Some people are dissociating themselves from the list, with weary sighs and more than a little perplexity. Those of us who’ve been kicking around the blogosphere since well before the invention of the podcast have seen lists like these come and go, and every single one of them was pointless.

Yet we’re all human, and there’s no shame in feeling a little fillip to see your own name listed, even if the manner by which your name was chosen seems rather arbitrary. Despite my intellectual self understanding that the list is a waste of time, my emotional self can’t help but be at least a little happy to have been named.

But ultimately, the list has done exactly what it set out to do. It’s caused a few big name bloggers (predominantly the ones listed…) to write about NowPublic, link to them, and regardless of what is said pass some traffic their way. That is all that this list – and every other that has come before – set out to do. It’s PR. Bizarre and shallow PR perhaps, but nevertheless, the aim of the list is not to teach us something about ourselves, nor to reveal something interesting about the communities of which we are a part, but to provoke us into making some sort of comment, good or bad.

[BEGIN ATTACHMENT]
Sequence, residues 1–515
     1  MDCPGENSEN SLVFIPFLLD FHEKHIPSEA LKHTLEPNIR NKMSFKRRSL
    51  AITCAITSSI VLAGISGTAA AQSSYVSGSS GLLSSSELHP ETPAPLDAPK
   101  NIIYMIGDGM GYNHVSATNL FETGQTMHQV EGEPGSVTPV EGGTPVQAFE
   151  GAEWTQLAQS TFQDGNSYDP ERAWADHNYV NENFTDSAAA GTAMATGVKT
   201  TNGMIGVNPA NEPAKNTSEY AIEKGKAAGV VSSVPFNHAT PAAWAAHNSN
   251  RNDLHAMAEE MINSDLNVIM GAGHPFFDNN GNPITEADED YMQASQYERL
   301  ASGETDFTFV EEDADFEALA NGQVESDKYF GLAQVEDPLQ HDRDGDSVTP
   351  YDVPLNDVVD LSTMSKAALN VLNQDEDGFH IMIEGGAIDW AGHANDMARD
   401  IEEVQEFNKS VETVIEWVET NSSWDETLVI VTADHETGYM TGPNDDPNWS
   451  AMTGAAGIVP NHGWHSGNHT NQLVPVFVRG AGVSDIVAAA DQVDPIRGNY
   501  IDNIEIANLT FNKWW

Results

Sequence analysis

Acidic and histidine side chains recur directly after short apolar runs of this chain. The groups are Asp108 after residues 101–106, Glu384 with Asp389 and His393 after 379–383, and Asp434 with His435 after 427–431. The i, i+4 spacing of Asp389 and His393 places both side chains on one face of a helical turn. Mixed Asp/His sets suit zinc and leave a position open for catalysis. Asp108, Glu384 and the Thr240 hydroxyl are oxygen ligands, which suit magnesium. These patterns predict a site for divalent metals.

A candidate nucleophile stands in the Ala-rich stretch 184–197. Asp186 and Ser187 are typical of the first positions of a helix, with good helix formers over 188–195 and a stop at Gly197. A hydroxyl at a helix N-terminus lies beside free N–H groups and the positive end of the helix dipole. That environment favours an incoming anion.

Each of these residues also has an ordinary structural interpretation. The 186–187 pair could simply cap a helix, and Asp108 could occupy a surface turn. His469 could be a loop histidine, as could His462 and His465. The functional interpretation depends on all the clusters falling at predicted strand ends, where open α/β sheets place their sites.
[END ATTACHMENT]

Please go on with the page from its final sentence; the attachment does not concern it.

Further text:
Still, to save you a click, here’s the list, republished in all its daftness:

1. Rory Cellan-Jones
2. Darren Waters
3. Iain Dale
4. Paul Bradshaw
5. Erik Huggers
6. Tom Coates
7. Ewan McIntosh
8. Stephen Fry
9. Nick Robinson
10. Neil McIntosh
11. Suw Charman-Anderson
12. Alan Connor
13. Kevin Anderson
14. Andy Murray
15. Ian Betteridge
16. Robert Peston
17. Jon Kossman
18. Euan Semple
19. Jack Schofield
20. Charles Arthur

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Craters on the moon driving me quietly mad

by Suw on November 17, 2008

Years ago, possibly during the late 90s or early 2000s, there was a project to identify craters on the Moon. There was a website that displayed a fairly good photo and you drew a red circle around each crater you could see. When you saved the image, you were served another. It was, in fact, remarkably like Galaxy Zoo is now.

I can’t remember much more about it, other than that it seemed to complete very quickly. Does anyone else remember this project and know who ran it? I had been assuming it was NASA, but it could have been anyone. I’ve been trying to find information about this project, for curiosity’s sake, for most of the last couple of years and my epic fail is driving me nuts. Now I need to know for work, and it’s still driving me nuts.


UPDATE: Thanks to Rob Myers, I have discovered that it was Mars, not the Moon, and that it was the Mars Clickworkers project, now available only on the Internet Archive.

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How to get published

by Suw on November 17, 2008